by Denise Robitaille
It’s a no-brainer for third-party auditors—if they have a financial interest in the success of a company or can benefit in any way from the outcome of an audit, they need to decline the assignment. This thwarts even the suggestion of collusion or bias. Similarly, there’s an injunction against providing consultation during an audit. This mitigates the eventuality that auditors would suggest things that need to be fixed and then recommend their own firms as the providers of the fixes—for a fee. It also reduces the likelihood that auditors would presume to offer solutions without fully understanding the context or the culture of an organization.
Offering advice results in two drawbacks. The first is that precious resources are lost if the company implements the wrong solution based on suggestions provided by auditors who, without having conducted a robust root cause analysis, presumed to know more than they actually did about a given circumstance. The second drawback is that the client is deprived of the learning that’s implicit in the solution developing process. For certification and regulatory audits, the prohibitions against consulting and conflict of interest are clear.
But what about internal audits? There’s little likelihood of personal financial gain or incidents of out-and-out bribery to extort a favorable audit result. Where then do concerns arise? Why should organizations be vigilant to ensure against conflict of interest?
ISO 9001:2008, clause 8.2.2 states, “Auditors shall not audit their own work.”
Let’s take an example of an individual who has responsibility for auditing a manufacturing process, including the in-process inspection. This auditor, as part of her regular job, has responsibility for managing the calibration program. During the course of the audit, it’s observed that several micrometers lack adequate identification of calibration status. The auditor may decide to remedy the situation with great alacrity and due diligence. However, she may determine that this doesn’t warrant root cause analysis and corrective action. She may not perceive that the nonconformity could be symptomatic of a serious problem that can only be illuminated and addressed through the corrective action process. In those instances (especially in those markets where integrity of calibrated equipment is of elevated criticality due to the nature of the product), it would be advisable to ensure that another auditor is assigned the audit.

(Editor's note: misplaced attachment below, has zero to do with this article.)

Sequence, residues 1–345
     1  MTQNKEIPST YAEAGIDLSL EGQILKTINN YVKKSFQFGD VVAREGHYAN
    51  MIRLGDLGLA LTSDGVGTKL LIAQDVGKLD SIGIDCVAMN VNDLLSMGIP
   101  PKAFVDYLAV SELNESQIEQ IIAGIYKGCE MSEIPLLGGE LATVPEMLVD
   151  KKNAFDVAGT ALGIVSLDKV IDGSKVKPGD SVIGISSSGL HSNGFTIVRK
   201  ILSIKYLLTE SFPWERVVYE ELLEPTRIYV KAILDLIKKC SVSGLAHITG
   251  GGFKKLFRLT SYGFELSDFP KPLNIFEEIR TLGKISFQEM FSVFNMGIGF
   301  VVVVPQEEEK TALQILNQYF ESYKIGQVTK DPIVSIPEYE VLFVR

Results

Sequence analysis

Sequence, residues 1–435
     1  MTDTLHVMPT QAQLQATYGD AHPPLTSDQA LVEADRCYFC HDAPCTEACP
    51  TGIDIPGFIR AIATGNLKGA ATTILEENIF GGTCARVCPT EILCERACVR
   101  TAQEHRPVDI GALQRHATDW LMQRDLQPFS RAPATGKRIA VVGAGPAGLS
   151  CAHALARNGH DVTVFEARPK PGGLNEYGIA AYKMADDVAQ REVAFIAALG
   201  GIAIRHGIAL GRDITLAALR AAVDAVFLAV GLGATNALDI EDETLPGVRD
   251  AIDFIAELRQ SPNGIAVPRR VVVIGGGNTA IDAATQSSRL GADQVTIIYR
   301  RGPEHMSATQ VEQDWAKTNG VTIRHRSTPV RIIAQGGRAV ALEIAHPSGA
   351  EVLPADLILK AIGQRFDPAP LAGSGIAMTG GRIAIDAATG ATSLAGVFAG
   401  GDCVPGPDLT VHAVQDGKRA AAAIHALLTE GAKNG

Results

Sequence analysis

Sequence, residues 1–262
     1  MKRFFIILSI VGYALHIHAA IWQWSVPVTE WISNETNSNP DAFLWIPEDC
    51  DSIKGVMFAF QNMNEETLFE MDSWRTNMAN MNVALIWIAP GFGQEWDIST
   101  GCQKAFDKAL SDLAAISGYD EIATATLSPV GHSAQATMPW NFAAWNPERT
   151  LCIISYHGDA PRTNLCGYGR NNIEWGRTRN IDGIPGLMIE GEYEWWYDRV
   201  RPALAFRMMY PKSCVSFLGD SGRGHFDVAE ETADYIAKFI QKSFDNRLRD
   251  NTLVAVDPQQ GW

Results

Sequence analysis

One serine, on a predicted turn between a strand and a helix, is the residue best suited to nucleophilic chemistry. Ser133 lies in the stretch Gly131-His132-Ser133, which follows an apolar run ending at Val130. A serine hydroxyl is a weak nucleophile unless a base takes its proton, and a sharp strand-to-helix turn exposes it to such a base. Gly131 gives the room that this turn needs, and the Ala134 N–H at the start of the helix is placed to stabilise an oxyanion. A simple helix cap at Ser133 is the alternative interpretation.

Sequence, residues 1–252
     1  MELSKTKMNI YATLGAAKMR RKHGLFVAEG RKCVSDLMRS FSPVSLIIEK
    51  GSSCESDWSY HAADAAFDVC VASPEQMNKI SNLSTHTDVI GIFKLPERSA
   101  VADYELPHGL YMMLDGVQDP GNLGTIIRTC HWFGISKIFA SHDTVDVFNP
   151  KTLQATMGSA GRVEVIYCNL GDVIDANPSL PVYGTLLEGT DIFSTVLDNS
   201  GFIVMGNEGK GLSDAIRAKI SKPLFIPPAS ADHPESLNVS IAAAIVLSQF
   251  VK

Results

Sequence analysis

In another scenario, the internal auditor is an individual who has been recently transferred from equipment maintenance into the production area. Technically, this person is no longer in the preventive maintenance department. However, records to be audited will most likely stretch back to his tenure, resulting in the auditor auditing his own work. Should there be any findings, the risk exists that the auditor would not report the nonconformance due to embarrassment or fear—a recurring theme in many audit environments. Or the auditor may genuinely believe that the errors are too insignificant to warrant corrective action. The conflict of interest is twofold: personal interest inherent in wishing to save face and presumption of insider knowledge that may cloud objectivity and judgment. “I ran this program for years. I know how it’s supposed to work.” The person may even purport to know “where the bodies are buried.” This person should not be assigned to do any audits that involve the preventive maintenance program for at least a year.
In each case the auditors have a vested interest in part or all of a process. It may be their egos or their personal integrity. It may be their concern for co-workers’ feelings or for ensuring that resources aren’t wasted on what they deem to be trifling matters. The attitudes and presumptions are not deliberate. Their reactions are neither calculated nor surreptitious.
In small organizations, it’s really difficult to put together a comprehensive audit schedule without having some overlap of responsibilities. There are two tactics to mitigate the occurrence of conflicts of interest. The first is to have an audit pool large enough to prevent auditors from auditing their own work. This can be challenging, but not impossible—provided each auditor only gets assigned two or three audits per year. The second tactic involves vigilance and training. Auditors need to be reminded that it doesn’t matter how familiar they are with a process. They must read over the documents with fresh eyes, ask questions without presuming to know the answer, and report findings honestly, regardless of personal opinion or interest. And finally, they must inform the manager of the audit program if current or prior levels of involvement of a process could skew their objectivity.
About the author
Denise Robitaille is a member of the U.S. TAG to ISO/TC 176, the committee responsible for updating the ISO 9000 family of standards. She is committed to making your quality system meaningful. Through training, Robitaille helps you turn audits, corrective actions, management reviews, and processes of implementing ISO 9001 into value-added features of your company. She’s an Exemplar Global-certified lead assessor, ASQ-certified quality auditor, and ASQ Fellow. She’s the author of numerous articles and several books, including The Corrective Action Handbook, The Preventive Action Handbook, and her latest book, 9 Keys to Successful Audits, all published by Paton Professional.